COLUMBIA — Four of Columbia’s 28 public schools made adequate yearly progress in 2009 and two face corrective action, according to preliminary data released this week by the Missouri Department of Elementary and Secondary Education.
Midway Heights, Mill Creek, Ridgeway and Two Mile Prairie elementary schools are the only schools in the district to meet Missouri’s progress standard. Meanwhile, Field and Parkade elementary schools face tougher regulations for again not making adequate progress.
Last year, Midway Heights and Ridgeway, along with New Haven Elementary School, were the only three in the district to meet adequate yearly progress.
Chief Academic Officer Sally Beth Lyon said the district is not satisfied with its annual results.
"We really expect more of ourselves. We would like to see a greater increase (in progress) every year, and there are some grade levels at which we’ve seen a decline," she said. "At most grade levels, we are still performing above the state, but that’s not the case everywhere, so that’s not good enough.”
The federal No Child Left Behind Act requires schools to demonstrate that students are making adequate yearly progress. This includes showing an increasing percentage of students testing proficient or above in communication arts and math.
In 2009, 59.2 percent of Missouri students were expected to be proficient or above in communication arts and 54.1 percent proficient or above in math. By 2014, all students — in Missouri and nationwide — must be proficient or above in those subject areas.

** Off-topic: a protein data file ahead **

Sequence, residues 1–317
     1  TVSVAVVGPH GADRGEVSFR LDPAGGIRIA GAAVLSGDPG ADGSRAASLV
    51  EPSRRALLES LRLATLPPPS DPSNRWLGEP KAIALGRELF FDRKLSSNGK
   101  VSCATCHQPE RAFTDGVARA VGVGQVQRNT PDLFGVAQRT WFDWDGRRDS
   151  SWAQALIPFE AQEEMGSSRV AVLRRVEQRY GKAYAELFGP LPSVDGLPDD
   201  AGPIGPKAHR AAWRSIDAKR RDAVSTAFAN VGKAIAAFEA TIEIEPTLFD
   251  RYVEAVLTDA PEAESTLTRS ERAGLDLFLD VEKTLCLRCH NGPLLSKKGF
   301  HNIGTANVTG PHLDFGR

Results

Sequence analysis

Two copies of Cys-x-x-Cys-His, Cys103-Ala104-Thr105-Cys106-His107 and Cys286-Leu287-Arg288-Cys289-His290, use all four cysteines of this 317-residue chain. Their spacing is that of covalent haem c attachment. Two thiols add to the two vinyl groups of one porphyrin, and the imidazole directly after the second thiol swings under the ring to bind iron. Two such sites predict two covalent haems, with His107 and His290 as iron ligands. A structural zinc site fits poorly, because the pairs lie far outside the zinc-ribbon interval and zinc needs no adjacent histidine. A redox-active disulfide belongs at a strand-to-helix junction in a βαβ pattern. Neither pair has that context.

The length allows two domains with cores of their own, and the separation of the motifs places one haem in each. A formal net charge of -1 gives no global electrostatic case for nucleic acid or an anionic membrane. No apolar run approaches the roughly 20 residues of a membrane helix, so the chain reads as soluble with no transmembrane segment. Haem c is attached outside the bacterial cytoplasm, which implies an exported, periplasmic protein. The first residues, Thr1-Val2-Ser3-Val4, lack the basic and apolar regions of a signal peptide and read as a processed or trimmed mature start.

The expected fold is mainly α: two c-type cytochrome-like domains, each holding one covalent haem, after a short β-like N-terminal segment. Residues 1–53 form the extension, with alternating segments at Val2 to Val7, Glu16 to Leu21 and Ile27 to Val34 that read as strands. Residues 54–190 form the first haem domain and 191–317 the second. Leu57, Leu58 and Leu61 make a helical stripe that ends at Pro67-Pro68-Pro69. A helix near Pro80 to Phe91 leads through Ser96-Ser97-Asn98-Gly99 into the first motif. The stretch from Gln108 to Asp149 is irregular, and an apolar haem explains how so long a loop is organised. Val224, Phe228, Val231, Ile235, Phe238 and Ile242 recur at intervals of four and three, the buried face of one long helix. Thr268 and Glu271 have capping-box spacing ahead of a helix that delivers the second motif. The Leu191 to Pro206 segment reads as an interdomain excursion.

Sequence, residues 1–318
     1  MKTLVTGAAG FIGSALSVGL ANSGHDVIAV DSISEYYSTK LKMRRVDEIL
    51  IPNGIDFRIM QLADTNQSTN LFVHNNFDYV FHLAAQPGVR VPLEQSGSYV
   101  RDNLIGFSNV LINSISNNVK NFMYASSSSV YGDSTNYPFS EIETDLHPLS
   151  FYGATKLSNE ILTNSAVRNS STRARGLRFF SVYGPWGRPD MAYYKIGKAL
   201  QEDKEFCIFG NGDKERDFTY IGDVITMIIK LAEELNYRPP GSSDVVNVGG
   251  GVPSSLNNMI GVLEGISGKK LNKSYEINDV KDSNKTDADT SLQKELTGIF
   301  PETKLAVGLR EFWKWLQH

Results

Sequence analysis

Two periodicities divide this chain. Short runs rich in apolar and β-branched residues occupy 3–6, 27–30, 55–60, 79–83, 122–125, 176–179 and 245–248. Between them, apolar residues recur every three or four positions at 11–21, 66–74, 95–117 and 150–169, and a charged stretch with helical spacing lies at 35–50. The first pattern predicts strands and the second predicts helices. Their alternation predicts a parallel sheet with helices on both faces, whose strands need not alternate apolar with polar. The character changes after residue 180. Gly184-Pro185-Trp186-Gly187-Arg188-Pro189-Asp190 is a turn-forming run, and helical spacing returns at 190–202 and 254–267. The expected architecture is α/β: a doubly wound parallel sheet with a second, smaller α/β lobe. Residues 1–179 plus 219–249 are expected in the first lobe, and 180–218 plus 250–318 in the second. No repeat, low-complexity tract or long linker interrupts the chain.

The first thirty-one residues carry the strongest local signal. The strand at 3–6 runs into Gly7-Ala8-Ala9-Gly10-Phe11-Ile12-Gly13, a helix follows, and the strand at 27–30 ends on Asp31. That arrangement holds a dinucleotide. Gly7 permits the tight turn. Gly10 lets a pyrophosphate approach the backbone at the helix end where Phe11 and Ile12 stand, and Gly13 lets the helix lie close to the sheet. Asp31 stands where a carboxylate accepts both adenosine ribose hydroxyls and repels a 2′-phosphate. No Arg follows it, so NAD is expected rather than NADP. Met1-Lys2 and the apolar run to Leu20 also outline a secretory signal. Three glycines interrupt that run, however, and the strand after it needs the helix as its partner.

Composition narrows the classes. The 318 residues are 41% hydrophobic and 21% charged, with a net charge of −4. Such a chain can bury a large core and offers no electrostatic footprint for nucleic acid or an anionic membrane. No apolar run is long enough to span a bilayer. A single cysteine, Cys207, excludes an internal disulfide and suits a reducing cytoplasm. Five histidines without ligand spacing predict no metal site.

Graduation and attendance rates, as well as proficiency among subgroups of students, are also required to meet the progress standard.
Schools that do not meet adequate yearly progress for two or more consecutive years face a range of consequences, depending on whether they receive Title I federal funding and what school improvement level they are on.
Because Field and Parkade again did not meet standards, they are the first Columbia schools to face a mandate of corrective action as defined by the state. “Corrective action basically means we roll up our sleeves, take a look at our school improvement plan and say, ‘What should we be doing differently to try to get different results?’ ” Lyon said.
The total percentage of Field students proficient or above in communication arts was 25.3 percent, with 13.1 percent proficient or above in math.
At Parkade, the total percentage of students proficient or above in communication arts was 31.1 percent, with 28 percent proficient or above in math.
According to the state, Title I schools in Level 3 corrective action must provide parents with the option to move their children to another school in better standing and provide supplemental services for children that stay. Title I schools are those in which 40 percent of students are eligible for free and reduced-cost lunch. Both Field and Parkade receive Title I funding.
The schools must also take corrective actions such as implementing a new curriculum, working with outside consultants, extending the school year or day and replacing staff.